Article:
German (1867 – 1945)
I have no right to withdraw from the responsibility of being an advocate. It is my duty to voice the sufferings of people, the sufferings that never end and are as big as mountains.
So wrote Käthe Kollwitz – artist, socialist, pacifist, and grieving mother – five years after her son Peter died on the battlefield in World War I. In 1937, she began working on her Pietà in his memory as war loomed again. In that second great bloodletting she would lose her grandson, also named Peter, killed in action as a draftee for Hitler, whose regime was hounding Kollwitz for her dissident activities.
In 1993, an enlarged casting of the Pietà was installed as the centerpiece of Germany’s National Memorial to the Victims of War and Tyranny on Berlin’s Unter den Linden boulevard. The sculpture is situated in the Neue Wache guardhouse, once a nationalistic shrine that played a central role in the Nazis’ annual parade for war heroes.
Today, the remains of an unknown soldier and an unknown concentration camp prisoner rest beneath Kollwitz’s statue. Directly overhead, the oculus allows sunlight, rain, and snow to fall onto the agonized mother. “Blessed are those who mourn” – this place draws us into the heart of this cryptic beatitude, evoking the suffering of mothers all over the world, from Syria to the Congo.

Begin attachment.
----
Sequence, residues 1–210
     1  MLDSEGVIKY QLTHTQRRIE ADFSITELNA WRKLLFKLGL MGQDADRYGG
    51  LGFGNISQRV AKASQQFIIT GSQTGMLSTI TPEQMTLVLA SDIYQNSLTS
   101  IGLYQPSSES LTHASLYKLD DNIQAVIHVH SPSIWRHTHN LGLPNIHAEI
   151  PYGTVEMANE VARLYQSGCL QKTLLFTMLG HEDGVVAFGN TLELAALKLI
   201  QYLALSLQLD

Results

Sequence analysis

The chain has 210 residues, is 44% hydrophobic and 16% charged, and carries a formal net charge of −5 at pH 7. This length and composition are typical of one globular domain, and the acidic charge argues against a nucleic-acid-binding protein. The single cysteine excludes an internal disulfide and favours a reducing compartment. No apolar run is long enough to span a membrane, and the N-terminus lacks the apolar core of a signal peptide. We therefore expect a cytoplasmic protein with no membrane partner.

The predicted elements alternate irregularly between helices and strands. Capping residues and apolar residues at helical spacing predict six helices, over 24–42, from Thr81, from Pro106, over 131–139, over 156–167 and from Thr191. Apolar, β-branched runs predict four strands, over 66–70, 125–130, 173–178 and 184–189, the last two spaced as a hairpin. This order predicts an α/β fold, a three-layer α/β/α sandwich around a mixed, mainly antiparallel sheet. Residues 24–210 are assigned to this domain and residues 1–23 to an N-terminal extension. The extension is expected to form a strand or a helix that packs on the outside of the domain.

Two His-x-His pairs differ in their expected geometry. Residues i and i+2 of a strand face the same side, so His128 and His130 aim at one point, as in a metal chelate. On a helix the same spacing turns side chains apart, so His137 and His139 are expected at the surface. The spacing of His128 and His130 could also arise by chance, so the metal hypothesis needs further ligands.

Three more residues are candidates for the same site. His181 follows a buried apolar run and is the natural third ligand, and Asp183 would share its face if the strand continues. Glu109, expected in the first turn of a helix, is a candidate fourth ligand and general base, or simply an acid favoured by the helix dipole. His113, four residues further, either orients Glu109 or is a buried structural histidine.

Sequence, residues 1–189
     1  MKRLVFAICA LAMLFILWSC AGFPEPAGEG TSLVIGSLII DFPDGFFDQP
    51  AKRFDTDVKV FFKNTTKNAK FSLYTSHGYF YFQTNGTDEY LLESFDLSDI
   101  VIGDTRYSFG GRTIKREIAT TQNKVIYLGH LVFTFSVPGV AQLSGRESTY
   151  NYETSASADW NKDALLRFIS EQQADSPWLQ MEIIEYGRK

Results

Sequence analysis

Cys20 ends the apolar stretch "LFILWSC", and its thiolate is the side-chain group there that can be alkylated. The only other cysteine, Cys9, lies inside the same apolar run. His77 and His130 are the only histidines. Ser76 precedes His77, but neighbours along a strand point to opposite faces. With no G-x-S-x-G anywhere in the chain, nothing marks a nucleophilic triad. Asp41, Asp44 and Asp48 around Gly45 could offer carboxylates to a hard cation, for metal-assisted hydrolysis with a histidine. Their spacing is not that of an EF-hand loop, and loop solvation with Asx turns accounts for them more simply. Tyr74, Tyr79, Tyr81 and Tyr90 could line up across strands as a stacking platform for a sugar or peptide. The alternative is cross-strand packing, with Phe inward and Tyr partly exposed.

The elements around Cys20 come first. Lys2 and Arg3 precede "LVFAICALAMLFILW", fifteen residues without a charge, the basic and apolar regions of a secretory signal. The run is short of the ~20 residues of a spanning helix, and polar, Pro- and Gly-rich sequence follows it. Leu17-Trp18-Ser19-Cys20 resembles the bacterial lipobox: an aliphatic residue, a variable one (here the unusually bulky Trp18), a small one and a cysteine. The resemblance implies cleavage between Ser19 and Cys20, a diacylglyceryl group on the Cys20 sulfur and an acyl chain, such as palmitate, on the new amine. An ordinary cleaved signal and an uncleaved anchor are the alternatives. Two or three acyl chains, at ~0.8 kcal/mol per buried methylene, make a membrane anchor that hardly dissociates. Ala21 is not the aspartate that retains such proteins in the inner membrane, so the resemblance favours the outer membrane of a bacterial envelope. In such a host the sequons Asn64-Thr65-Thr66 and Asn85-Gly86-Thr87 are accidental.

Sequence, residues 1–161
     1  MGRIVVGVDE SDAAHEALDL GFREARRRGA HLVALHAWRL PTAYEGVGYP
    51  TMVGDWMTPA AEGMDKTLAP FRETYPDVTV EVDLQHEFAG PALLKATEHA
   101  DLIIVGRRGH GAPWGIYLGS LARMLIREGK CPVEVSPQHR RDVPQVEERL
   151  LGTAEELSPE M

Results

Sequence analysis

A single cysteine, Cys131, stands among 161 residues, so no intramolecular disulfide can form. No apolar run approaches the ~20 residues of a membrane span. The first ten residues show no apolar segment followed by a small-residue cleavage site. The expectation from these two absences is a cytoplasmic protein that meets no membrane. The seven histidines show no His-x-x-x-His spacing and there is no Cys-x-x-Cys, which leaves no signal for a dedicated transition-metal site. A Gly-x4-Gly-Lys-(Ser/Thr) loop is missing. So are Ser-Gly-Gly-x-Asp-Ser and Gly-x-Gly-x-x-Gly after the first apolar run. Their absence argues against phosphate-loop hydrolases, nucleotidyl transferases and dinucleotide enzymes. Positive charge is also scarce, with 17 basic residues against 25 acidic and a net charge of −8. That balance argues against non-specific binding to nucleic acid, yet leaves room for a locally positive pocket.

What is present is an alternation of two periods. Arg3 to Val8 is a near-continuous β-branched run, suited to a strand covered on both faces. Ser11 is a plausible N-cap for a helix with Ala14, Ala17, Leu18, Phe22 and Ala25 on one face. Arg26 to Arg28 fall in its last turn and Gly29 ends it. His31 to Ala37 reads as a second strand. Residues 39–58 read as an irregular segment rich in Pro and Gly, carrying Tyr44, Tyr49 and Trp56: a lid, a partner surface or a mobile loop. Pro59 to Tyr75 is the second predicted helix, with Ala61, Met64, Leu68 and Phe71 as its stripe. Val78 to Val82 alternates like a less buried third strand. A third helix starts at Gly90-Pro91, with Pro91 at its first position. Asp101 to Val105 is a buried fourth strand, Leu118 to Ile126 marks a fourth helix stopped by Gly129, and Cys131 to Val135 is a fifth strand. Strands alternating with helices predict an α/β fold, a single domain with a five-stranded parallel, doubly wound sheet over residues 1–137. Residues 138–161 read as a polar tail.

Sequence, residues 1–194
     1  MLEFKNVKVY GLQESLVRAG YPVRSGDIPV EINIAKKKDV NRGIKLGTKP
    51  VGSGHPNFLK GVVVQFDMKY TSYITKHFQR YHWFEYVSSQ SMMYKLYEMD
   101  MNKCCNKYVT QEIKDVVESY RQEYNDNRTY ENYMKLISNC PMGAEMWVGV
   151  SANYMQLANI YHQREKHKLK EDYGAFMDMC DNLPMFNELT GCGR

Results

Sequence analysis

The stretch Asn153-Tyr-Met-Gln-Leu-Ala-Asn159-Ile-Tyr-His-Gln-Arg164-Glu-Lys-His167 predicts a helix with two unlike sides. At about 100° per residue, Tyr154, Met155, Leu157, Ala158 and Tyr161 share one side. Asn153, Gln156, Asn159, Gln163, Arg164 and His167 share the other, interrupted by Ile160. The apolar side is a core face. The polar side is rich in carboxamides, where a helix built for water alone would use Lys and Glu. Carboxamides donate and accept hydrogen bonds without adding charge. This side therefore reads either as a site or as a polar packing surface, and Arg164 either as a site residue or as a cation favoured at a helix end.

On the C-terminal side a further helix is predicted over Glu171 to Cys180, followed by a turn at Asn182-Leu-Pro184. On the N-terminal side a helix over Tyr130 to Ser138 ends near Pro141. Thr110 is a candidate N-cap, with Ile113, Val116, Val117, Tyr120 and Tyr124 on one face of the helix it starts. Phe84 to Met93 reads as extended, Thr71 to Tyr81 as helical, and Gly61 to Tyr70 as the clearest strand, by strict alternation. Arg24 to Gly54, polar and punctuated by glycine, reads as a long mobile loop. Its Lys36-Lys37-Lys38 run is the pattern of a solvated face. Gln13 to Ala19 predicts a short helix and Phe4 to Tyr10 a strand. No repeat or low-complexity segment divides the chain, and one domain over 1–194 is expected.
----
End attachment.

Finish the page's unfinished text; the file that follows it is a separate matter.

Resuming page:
Berlin photographer Walter Mason writes: “Kollwitz’s statue, alone in the middle of the room, commands a respect that is immediately understood by anyone who enters. The tourists come in off the street and, without exception, fall silent. The mother with her son is so wrapped up in her sorrow that she seems unapproachable; the visitors stand at a distance and partake in her grief.”
The Weavers’ Revolt (1893-98), Sheet IV
Self Portrait, 1920
Memory Page for Karl Liebknecht: The Living and the Dead, 1921
The Volunteers, 1922